Obama Needs A Woman On The Ticket
The general election campaign began with Tuesday night's victory speeches by John McCain and Barack Obama, and when nominations are set pundits need a new parlor game to play. Thus, the veep-stakes talk is sure to start. Hillary Clinton's last bastion of ardent supporters, older white women, face a demographic disappointment in her failure, and presumptive nominee Obama needs a way to address this.
While the historic identity politics of the 2008 Democratic race have swung more dramatically in Obama's favor, with his 90% margins with black voters, it's Clinton who has played the identity politics card more explicitly. It's hard to separate the identity politics from the candidate herself, but the explicit wish for a woman in the White House was often heard on the trail, especially from women who might be worried they won't see another woman get this close in their lifetimes.
Will they resent this young upstart, who could have waited his turn?
That's why Barack Obama needs a woman as his running mate.
It won't be Clinton, for a couple reasons. Personal incompatibility, for one, after a competitive campaign. That's hard to overcome successfully -- I said successfully, Kerry-Edwards fans. His own critique of Clinton -- "this isn't about experience, it's about judgment" - would be undercut by her presence on the ticket.
And then there's the matter of age. Obama says his decision to jump the queue was prompted by "the urgency of now," but the fact is Clinton-Obama would have made more chronological sense. In 2016, after a hypothetical eight year Clinton 44 presidency, Obama would be 55. But after eight years under Obama, Vice President Hillary Clinton would be 69 years old, near the upper limit of electability that the Republicans will test this fall with McCain. Sure, that's never been tested with a female candidate, but let's just assume the same age rules apply.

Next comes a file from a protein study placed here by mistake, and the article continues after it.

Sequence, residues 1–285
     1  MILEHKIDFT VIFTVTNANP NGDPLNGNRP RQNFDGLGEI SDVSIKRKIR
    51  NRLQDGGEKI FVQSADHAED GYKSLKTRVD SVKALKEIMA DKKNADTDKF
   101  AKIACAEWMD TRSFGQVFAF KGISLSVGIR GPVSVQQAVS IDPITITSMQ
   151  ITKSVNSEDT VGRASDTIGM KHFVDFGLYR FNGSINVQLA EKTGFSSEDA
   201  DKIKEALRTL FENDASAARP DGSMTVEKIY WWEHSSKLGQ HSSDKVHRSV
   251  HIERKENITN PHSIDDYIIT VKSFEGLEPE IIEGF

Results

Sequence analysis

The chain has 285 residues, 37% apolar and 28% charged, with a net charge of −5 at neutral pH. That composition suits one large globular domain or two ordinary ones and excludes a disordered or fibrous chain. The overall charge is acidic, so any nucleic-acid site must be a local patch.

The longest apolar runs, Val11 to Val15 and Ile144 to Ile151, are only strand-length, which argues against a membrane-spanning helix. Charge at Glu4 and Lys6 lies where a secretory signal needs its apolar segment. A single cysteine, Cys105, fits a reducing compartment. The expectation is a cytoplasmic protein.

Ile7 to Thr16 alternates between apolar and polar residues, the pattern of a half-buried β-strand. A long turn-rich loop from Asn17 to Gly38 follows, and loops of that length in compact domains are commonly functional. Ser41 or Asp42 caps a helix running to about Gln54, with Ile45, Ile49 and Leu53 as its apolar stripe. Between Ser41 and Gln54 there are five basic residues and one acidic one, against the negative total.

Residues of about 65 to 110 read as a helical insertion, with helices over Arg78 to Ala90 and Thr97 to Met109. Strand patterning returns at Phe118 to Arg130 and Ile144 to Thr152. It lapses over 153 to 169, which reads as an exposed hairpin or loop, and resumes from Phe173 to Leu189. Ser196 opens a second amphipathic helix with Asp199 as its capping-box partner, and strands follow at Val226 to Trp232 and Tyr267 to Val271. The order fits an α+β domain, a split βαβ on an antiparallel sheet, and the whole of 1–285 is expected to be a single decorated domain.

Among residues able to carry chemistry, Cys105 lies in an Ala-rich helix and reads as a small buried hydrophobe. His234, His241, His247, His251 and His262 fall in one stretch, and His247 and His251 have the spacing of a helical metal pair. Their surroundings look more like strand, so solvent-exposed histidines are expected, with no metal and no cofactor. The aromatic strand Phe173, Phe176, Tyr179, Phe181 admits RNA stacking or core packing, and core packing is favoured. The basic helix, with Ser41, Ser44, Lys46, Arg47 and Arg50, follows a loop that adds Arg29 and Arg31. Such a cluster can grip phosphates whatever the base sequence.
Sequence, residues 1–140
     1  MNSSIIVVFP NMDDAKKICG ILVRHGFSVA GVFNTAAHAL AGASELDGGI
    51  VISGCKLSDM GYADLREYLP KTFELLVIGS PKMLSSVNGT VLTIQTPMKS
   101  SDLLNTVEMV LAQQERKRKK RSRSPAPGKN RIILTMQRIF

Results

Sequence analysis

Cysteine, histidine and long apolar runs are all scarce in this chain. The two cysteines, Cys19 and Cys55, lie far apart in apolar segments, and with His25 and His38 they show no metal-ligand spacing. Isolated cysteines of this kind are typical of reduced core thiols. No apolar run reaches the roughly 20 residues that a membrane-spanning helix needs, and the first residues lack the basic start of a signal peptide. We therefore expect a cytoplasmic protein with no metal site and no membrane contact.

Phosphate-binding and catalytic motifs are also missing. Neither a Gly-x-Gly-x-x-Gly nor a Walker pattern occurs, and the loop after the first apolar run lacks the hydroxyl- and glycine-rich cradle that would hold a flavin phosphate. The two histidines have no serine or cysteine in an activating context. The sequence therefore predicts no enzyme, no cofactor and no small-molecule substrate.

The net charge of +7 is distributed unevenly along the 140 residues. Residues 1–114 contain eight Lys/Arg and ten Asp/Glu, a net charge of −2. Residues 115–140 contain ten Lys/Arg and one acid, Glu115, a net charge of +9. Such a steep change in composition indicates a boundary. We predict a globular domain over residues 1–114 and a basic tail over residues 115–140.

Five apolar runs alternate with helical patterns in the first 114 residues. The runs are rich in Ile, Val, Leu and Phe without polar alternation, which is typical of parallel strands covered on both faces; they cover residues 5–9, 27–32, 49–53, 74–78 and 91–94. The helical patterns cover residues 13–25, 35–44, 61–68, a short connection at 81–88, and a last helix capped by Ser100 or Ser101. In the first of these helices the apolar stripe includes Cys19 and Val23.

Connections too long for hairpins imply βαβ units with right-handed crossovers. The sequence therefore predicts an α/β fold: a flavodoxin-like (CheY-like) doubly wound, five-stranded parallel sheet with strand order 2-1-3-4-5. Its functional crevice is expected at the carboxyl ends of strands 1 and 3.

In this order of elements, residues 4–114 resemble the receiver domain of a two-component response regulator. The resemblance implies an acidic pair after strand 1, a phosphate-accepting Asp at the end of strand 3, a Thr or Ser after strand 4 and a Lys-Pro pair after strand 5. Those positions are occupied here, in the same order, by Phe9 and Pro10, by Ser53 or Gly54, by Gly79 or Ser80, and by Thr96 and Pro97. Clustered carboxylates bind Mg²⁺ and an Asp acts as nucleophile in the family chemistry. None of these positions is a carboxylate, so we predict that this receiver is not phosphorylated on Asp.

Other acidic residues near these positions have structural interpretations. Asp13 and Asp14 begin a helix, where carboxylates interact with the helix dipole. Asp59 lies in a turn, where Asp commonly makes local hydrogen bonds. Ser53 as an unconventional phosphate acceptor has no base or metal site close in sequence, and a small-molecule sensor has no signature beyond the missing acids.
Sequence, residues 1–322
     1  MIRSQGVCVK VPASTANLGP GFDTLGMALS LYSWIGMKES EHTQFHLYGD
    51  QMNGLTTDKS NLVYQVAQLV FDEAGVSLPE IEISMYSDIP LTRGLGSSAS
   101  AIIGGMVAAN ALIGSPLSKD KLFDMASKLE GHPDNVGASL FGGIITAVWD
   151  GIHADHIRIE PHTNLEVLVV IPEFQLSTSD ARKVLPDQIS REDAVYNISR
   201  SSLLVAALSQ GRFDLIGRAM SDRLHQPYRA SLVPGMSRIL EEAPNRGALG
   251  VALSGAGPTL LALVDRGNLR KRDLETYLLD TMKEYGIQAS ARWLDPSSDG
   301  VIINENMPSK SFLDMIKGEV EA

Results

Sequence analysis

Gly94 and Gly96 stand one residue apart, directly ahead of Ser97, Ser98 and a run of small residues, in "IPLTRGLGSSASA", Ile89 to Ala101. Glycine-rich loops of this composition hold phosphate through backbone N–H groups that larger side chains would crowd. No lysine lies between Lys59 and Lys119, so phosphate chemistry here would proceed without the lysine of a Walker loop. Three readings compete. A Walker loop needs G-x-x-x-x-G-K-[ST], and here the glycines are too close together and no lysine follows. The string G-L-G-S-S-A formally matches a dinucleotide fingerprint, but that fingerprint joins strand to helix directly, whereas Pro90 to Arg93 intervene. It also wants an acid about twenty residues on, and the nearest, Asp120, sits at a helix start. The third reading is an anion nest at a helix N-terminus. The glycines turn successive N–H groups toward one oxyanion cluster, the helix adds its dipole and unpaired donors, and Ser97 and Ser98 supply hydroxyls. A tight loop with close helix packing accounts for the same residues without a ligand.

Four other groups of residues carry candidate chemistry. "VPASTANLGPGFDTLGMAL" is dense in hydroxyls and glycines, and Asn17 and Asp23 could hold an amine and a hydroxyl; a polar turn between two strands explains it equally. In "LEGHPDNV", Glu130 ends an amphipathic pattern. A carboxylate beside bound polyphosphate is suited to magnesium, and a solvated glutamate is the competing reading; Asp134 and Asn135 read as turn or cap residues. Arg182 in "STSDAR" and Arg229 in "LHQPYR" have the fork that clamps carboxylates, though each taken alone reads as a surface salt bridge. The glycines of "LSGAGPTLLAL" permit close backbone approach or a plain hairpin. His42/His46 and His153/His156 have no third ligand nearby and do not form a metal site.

So, part three of the premise: If what Obama is trying to heal is the "I want a woman president before I die" rift, then the running mate has to be young enough to run in 2016 as his clear successor.
Let's draw that age line at 70. This means 62 or younger now, born in 1946 or later, and eliminates some prominent names, starting with the three Californians: Speaker Nancy Pelosi and Senators Barbara Boxer and Dianne Feinstein. (You could also easily argue that speaker to VP is a downward move.) It also eliminates the senior woman in the Senate, Barbara Mikulski of Maryland.
The last part of the premise relates more to message. Since Obama is explicitly running on change and judgment, and rejects the premise of "experience" as argued by Hillary Clinton and John McCain, experience is less important than compatibility.
People thought Al Gore was a terrible choice to balance Bill Clinton -- next door state, same age -- until they saw them together. There was a clear spark of compatibility, which lasted through the campaign if not into the administration, and they presented an explicit generational contrast to an aging Bush 41. That contrast is even sharper this year, as 46 year old Obama faces 71 year old McCain in the biggest age gap ever between nominees. With Obama's post-boomer sensibilities, his ability to use phrases like "shout out," "give it up for," and "in the house" without sounding ridiculous, younger may be better.